Qatari pilgrims laud Saudi Arabia for Hajj services

A pilgrim uses an umbrella to protect his wife from the sun while she is praying at the Grand Mosque in Makkah. (Reuters)
Updated 07 September 2017
0

Qatari pilgrims laud Saudi Arabia for Hajj services

AL-AHSA: Qatari pilgrims said that the Kingdom provided them with all facilities and services to perform their Hajj rituals.
These remarks were made by Qatari pilgrims as they returned to their country through the Salwa border crossing following directives from King Salman to open the border to allow Qataris to enter the Kingdom to perform Hajj, following mediation by Sheikh Abdullah bin Ali Al-Thani.
They said all means of comfort and facilities were provided, especially since there were 354 more Qatari pilgrims than last year.
A number of Qatari pilgrims arrived on Tuesday at the border on their way to Doha. Some came by land from Makkah and others had picked up their cars which were parked at the Dammam and Al-Ahsa airports.
For his part, the director of the Salwa customs department, Abdulrahman Aba Al-Khail, said the number of Qatari pilgrims who have left the Kingdom reached 130 after performing Hajj.
Hamad Falih, Qatari pilgrim, said Saudi Arabia was known to help the needy, adding that procedures were easy.
Mohammed Al-Mirri said Saudi Arabia was known for providing services and the development of infrastructure in Makkah, notably in the holy sites.
He noted a big difference in terms of services compared to previous years where security men were deployed in all parts of the holy sites, while humanitarian services were always available.
He said there were Hajj missions in Doha that used to provide services to Qatari pilgrims but what they found with the Guests of King Salman for Hajj and Umrah Program was far better, especially in the holy sites and transportation.
Meanwhile, some 1.93 million travelers left Saudi Arabia in the past two weeks, 45 percent of them during the four days of Eid, according to official statistics published by Aleqtesadiah daily.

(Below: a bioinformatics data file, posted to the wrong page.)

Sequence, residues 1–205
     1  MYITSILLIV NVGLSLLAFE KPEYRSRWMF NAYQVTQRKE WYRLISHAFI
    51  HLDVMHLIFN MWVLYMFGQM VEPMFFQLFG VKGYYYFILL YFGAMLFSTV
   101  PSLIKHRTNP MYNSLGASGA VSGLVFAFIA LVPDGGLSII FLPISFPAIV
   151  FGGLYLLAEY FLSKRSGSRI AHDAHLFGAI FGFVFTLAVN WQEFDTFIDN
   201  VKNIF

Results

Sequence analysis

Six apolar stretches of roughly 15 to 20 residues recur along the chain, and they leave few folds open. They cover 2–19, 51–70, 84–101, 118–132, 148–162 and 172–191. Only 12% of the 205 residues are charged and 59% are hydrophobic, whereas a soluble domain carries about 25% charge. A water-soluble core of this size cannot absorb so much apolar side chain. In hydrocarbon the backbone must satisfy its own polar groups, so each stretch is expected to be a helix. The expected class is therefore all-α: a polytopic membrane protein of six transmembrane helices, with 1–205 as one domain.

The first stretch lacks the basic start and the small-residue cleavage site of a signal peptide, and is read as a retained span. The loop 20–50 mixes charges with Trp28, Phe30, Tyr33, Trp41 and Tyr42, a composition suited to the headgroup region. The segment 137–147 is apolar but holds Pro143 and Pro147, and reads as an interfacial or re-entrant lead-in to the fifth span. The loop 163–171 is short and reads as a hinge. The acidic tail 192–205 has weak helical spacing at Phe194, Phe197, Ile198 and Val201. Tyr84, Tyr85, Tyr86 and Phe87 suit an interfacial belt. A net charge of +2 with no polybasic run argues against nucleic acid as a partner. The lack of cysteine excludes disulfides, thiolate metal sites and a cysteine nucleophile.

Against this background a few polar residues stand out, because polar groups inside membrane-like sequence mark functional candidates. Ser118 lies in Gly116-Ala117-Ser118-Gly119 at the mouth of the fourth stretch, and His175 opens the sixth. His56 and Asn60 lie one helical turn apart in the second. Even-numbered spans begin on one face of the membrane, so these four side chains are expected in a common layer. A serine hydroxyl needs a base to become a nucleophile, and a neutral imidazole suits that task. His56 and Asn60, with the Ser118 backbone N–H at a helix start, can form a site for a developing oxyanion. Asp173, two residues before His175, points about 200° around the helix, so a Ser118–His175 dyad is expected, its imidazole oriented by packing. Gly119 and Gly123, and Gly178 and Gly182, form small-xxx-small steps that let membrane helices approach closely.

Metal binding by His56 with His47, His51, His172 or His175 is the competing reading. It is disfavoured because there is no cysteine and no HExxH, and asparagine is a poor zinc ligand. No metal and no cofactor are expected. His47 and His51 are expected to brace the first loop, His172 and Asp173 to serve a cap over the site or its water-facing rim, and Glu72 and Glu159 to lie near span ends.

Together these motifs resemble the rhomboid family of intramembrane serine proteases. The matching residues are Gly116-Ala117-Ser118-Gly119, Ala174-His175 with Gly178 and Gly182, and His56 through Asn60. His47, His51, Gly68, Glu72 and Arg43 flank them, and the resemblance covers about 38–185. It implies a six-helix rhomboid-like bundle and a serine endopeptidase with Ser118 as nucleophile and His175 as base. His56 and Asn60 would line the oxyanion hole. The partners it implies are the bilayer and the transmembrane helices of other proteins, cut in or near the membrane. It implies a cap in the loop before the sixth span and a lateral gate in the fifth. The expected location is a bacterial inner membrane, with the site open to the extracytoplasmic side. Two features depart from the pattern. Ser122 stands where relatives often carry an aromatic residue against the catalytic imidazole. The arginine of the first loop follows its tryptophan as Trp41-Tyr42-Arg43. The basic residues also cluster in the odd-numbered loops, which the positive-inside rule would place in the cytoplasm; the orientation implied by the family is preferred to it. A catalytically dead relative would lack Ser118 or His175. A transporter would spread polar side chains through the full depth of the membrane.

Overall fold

Meanwhile, the General Directorate of Passports stressed the importance for Saudis of holding undamaged, valid and up-to-date travel documents.
Saudis traveling to Gulf countries only need their national ID cards. But the passports of Saudis traveling to other Arab countries should be valid for at least three months, while the passports of those traveling to non-Arab countries should be valid for a minimum of six months.


Houthis targetted civilian facility in Najran with an explosives-laden drone, says Arab Coalition

Updated 21 May 2019
0

Houthis targetted civilian facility in Najran with an explosives-laden drone, says Arab Coalition

  • Houthis also fired two ballistic missiles toward the holy city of Makkah and Jeddah on Monday

RIYADH: Houthi militants had tried to hit a civilian facility in Saudi Arabia's southern border province of Najran with a drone carrying explosives, the Arab Coalition supporting Yemen's legitimate government said on Tuesday.
In a statement carried by the Saudi Press Agency (SPA), Colonel Turki Al-Maliki, the spokesman of the Saudi-led military coalition said the target was a vital facility.
"The Houthi-backed terrorist militia of Iran continues to carry out acts of terrorism that pose a real threat to regional and international security by targeting civilian objects and civilian facilities, as well as civilian citizens and residents of all nationalities," Al-Maliki said.

The statement did not mention casualties and gave no further details.

Earlier on Monday, Al-Maliki said Houthis fired two ballistic missiles toward the holy city of Makkah and Jeddah but both were shot down by Saudi air defense forces.

The Iran-backed Houthis have fired dozens of missiles at targets in Saudi Arabia, including the capital Riyadh, since the Arab Coalition intervened in 2015 to restore the government of President Abed Rabbo Mansour Hadi, which was ousted in a Houthi coup.